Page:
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Depression

Depression

What is Depression?

Depression could affect any of us at any time, with one in five people in the UK reporting feeling depressed or anxious*, so, if you’re feeling this way, you’re not alone. With the right treatment and support, it is possible to manage the symptoms of depression and make a full recovery.

Depression is more than simply feeling unhappy or fed up. Most of us will, at some point in our lives, experience low mood or feeling down, which can last a few days or even stretch into a couple of weeks. However, when we’re depressed, our low mood and other related mental and physical symptoms will carry on persistently for weeks and weeks, months or even years with no let up. If we experience episodes of depression, our whole life and relationships can be affected, and everyday tasks that were once easy can become overwhelming.

How we think can even affect the way we feel and our emotions. Our thoughts can have a knock-on impact on how we react or behave. We can develop a negative stance on life, which makes us prone to being emotionally overloaded, and this can lead to low mood, anxiety and depression.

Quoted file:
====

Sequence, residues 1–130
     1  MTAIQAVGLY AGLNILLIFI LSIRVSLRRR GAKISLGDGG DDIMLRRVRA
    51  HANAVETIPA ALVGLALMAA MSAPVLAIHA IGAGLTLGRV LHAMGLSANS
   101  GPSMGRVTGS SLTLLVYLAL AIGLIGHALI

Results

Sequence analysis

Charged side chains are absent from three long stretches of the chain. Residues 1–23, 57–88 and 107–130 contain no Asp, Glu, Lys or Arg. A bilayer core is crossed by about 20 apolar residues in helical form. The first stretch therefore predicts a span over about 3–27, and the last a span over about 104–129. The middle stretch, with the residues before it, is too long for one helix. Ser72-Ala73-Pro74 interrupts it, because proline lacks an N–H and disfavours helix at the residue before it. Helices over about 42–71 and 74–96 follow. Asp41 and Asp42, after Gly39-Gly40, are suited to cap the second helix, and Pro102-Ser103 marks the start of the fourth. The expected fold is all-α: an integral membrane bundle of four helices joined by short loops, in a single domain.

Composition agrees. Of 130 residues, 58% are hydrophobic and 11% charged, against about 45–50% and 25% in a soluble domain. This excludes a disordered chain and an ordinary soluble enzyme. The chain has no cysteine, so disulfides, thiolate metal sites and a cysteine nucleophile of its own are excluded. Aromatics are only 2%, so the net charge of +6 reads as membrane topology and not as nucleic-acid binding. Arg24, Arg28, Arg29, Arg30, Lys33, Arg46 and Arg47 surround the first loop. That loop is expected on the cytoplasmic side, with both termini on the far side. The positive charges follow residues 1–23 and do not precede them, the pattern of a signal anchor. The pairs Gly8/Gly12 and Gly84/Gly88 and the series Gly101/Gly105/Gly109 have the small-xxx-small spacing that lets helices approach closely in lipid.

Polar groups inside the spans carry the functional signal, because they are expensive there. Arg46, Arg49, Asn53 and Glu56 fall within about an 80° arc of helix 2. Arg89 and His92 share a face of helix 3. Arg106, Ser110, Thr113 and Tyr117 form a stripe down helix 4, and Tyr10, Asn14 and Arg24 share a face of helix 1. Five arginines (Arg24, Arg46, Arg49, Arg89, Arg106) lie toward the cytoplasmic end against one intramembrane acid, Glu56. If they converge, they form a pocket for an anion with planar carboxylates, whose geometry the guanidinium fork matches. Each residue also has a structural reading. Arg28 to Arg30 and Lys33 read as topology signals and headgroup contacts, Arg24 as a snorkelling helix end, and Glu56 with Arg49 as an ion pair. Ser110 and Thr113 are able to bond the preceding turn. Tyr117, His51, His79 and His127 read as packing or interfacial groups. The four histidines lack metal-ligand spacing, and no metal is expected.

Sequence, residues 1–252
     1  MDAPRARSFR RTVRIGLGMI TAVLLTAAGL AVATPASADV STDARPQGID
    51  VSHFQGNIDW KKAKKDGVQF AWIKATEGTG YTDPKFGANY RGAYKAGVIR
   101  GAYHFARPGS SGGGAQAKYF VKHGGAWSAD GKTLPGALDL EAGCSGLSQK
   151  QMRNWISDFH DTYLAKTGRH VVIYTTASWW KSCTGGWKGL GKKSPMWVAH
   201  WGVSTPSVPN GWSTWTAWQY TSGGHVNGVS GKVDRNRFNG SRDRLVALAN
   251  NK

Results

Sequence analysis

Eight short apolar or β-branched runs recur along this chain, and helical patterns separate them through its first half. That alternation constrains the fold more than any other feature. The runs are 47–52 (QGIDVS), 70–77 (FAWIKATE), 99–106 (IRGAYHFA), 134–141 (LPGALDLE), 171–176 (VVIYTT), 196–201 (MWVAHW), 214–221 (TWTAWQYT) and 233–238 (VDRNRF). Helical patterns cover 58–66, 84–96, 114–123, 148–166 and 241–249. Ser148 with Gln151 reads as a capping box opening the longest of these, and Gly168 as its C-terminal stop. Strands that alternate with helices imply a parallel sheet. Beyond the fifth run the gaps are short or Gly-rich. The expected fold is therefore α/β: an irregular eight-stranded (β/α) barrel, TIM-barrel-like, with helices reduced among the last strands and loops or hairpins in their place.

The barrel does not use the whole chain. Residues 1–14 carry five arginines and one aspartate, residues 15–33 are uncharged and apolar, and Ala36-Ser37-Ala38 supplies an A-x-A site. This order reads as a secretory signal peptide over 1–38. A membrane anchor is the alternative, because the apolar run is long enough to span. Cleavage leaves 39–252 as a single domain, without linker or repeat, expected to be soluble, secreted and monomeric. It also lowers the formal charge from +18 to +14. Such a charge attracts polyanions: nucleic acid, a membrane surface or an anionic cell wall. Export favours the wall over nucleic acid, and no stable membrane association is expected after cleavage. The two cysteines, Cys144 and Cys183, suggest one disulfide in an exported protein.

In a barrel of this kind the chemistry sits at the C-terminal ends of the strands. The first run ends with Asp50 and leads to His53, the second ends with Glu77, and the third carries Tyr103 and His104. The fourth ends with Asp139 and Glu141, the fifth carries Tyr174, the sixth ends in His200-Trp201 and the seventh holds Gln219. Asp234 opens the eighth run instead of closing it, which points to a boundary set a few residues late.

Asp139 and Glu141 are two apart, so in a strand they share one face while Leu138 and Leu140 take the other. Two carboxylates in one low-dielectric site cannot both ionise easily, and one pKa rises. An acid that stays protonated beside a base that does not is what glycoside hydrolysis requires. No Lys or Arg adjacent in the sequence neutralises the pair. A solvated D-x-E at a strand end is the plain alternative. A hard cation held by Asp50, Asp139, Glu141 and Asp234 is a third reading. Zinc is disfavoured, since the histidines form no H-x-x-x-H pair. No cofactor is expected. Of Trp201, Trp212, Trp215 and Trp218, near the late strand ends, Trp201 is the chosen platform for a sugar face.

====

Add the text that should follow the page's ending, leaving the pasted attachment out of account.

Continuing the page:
Symptoms

Depression can cause a wide range of possible symptoms, both mental and physical. While there are no set symptoms of depression – each person’s experience of the condition is different – but here are some possible signs:

  • Feeling constantly unhappy or hopeless
  • Feeling lonely and disconnected from others
  • Losing interest in previously enjoyed activities or hobbies
  • Being very tearful
  • Feeling continuously anxious
  • Constantly tired / exhausted
  • Sleeping badly / insomnia
  • Having no appetite
  • Experiencing physical aches and pains
  • Loss of self-esteem
  • Loss of sex drive
  • Loss of motivation
  • Difficulty making decisions
  • Suicidal thoughts

Treatment and support

There are various treatments and support that you can access to help manage depression. Lifestyle changes can also play a key role in managing or recovering from depression. Making positive lifestyle changes, such as getting more exercise, improving sleep, cutting down on alcohol and eating healthily can all have a significant impact on your mental health. However, lifestyle changes are just one of a number of ways to treat depression. Some people may benefit from talking therapies, such as Cognitive Behavioural Therapy (CBT) or Counselling as well as a more traditional method of taking medication for moderate or more severe depression cases.

It’s about finding whatever works for the individual, but the important thing is to remember that support is available. You don’t have to struggle alone. If your depression is severe and you are having suicidal thoughts, you can call Samaritans on 116 123 or NHS on 111

*ONS, National Well-being Measures, September 2018 

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